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American basketball player Brittney Griner, who was tried in Russia for drug trafficking, is not the only foreigner who was detained by Moscow in difficult conditions. Is Russia building a pool of international prisoners to be traded as pawns for diplomats?
The timeline is confusing. American basketball player Brittney Griner has been held in a Russian prison since February 2022, when Russia’s Federal Customs Service said he discovered e-cigarette liquid containing cannabis in her luggage upon arrival at Moscow’s Sheremetyevo International Airport from New York. A week later, the invasion of Ukraine by Russian troops began.
In the US, many commentators see the 31-year-old champion’s detention as a political maneuver by Russia, calling Brittney Griner’s hearing in the Khimki court in a Moscow suburb a “show trial”. the 1ah July. A trial where the American star pleaded guilty to drug smuggling on Thursday July 7th. You face up to ten years in prison.
“This is a time of heightened tensions between Russia and the United States,” said Ben Noble, a professor at University College London and a specialist in Russian politics. “Brittney Griner’s incarceration may or may not have been politically motivated, but either way this case has become a politicized one.”
Overcrowded cell, lack of privacy
“I’m scared of staying here forever,” Brittney Griner wrote in a July 4 letter to US President Joe Biden, after already spending five months behind bars. “Please don’t forget me and the other American prisoners. Do what you can to bring us home.”
The head of American diplomacy, Antony Blinken, responded on Twitter that the United States would know “no respite” until the basketball champion and “all other Americans wrongfully imprisoned” were released.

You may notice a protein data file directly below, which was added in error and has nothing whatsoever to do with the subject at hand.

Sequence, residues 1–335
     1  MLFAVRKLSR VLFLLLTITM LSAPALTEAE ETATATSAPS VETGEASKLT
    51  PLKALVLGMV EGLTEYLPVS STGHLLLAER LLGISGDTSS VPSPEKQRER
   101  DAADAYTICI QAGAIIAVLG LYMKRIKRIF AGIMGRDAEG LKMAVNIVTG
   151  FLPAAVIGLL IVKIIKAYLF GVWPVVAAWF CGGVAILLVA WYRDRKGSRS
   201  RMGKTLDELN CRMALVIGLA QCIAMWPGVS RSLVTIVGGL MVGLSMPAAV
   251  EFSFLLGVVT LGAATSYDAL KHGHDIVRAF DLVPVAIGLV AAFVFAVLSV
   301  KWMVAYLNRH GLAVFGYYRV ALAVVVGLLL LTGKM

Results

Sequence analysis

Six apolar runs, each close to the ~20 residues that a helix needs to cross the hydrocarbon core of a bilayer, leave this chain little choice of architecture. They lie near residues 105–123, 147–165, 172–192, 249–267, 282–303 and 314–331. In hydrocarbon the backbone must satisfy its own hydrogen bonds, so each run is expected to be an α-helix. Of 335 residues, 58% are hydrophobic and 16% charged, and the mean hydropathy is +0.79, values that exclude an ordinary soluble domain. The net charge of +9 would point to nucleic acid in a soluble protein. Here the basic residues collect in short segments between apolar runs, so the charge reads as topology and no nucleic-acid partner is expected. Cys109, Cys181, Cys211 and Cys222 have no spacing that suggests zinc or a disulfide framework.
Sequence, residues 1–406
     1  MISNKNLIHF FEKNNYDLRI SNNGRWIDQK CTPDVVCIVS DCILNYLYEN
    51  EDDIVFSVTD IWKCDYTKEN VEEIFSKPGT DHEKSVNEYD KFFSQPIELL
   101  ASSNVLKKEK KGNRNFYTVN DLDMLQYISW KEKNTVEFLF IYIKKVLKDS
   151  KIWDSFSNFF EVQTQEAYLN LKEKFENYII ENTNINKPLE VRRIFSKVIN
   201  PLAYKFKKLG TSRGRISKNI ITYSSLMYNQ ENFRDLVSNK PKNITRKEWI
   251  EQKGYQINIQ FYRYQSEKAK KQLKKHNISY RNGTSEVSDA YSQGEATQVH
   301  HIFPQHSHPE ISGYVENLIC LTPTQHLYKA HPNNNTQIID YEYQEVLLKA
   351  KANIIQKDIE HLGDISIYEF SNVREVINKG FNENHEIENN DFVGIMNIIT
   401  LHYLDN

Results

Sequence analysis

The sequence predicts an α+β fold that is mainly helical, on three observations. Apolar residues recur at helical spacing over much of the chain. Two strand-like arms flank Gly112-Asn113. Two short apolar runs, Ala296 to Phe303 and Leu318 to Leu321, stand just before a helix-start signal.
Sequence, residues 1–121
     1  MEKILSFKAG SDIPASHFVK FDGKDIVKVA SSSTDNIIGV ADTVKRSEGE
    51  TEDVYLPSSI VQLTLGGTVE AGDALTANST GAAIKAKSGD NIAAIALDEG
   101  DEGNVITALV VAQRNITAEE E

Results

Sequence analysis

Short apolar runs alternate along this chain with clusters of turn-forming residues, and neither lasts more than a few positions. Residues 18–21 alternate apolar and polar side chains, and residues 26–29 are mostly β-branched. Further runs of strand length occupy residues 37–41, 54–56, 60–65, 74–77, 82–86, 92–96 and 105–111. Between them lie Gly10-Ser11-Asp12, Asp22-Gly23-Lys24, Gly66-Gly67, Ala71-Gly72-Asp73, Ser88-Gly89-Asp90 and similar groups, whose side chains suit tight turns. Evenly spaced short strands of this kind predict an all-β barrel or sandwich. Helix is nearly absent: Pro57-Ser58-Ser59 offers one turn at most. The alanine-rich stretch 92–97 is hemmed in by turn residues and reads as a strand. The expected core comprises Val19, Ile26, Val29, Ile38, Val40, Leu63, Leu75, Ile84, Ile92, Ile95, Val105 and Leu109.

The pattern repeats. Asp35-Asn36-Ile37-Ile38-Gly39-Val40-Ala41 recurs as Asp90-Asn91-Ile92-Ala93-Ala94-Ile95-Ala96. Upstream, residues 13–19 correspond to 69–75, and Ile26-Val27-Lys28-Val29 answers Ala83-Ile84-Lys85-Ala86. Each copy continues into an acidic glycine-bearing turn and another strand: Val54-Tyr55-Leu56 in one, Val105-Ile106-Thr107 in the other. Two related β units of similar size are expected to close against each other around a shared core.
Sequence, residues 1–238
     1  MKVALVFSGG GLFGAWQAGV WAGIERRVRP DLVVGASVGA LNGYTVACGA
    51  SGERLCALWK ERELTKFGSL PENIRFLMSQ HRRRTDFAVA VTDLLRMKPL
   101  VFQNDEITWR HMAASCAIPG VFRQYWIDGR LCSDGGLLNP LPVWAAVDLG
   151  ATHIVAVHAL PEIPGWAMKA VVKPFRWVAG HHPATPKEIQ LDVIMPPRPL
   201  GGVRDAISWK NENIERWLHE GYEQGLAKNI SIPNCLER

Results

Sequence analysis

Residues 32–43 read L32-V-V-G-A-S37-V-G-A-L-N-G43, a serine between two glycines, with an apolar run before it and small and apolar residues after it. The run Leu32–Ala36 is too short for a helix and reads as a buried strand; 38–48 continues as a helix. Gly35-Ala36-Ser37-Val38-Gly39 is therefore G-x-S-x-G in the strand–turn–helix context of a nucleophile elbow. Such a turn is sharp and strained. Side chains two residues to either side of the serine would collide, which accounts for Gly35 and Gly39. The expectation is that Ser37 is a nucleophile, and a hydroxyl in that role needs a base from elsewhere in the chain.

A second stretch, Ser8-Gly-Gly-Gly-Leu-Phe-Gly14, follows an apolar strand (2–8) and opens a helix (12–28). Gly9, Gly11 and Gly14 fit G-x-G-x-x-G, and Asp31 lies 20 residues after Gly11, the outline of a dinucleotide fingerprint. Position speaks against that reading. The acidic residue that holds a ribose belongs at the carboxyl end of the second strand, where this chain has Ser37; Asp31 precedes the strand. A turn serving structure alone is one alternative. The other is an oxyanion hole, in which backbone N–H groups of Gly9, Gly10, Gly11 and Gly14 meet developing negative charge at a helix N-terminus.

.@USEmbRu Officials again attended Brittney Griner’s trial today and delivered her a letter from President Biden. We will not back down until Brittney, Paul Whelan and every other wrongly imprisoned American are reunited with their loved ones.
—Secretary Antony Blinken (@SecBlinken) July 7, 2022
As with other prisoners, Brittney Griner’s conditions are harsh: overcrowded cells, poor beds, limited showers and communal toilets. But the ordeal doesn’t stop there. In most cases, there is little hope of a fair trial, said Natalia Prilutskaya, Amnesty International’s Russia researcher.
After the trial, the guilty are sent to penal colonies where conditions aren’t much better – forced labour, minimal infrastructure and a lack of medical care are the order of the day.
Two Americans, four Brits and one Moroccan
Brittney Griner is not the only foreign inmate in this case. Former US Marine Paul Whelan, who has been jailed in Russia since 2018, is currently serving a 16-year sentence on espionage charges – a charge he and US officials continue to deny.
Since the beginning of the war in Ukraine, convictions of foreigners have multiplied. Four British nationals and a Moroccan were jailed after being captured on Ukrainian soil and convicted by Russian courts of fighting as mercenaries. Three of them were sentenced to death.
It is difficult to know the exact conditions of detention of these foreigners. “There are penal colonies where foreigners are held under probably more flexible conditions, but not necessarily,” said Natalia Prilutskaya. “Especially when the authorities want to put pressure on a certain prisoner or use him as a pawn.”
A long and meticulous diplomatic work
In the case of Brittney Griner, her status as a high-profile athlete could make her an especially valuable prisoner for whom the United States could pay the price of her repatriation. “She could well be viewed by Russian political leaders as a possible prisoner swap candidate, including for Russian national Viktor Bout, a convicted arms dealer imprisoned in the United States,” Ben Noble said.
A similar exchange took place in April 2022, when American Trevor Reed was released in exchange for a Russian citizen being held in a US prison for drug trafficking. The former Marine was sentenced to nine years in prison for endangering “the life and health” of Russian police officers, a charge he and US officials have denied. He was held for nearly three years before being released after what the White House described as “months and months of hard, tedious work.”
That may be the only hope for Brittney Griner and the other inmates today, but it will take a lot of patience, even though the White House pledged on July 5 to “do whatever it takes” to secure the basketball player and Paul Whelan’s release .
According to Ben Noble, it is not certain that the Russian authorities intend to arrest other foreigners on political grounds, but in any case, trips to Russia are no longer legion. “Brittney Griner’s case could deter foreigners from setting foot on Russian soil so they don’t suffer the same fate,” he said.
This article was adapted from English by Bahar Makooi. Click here to find the original text.
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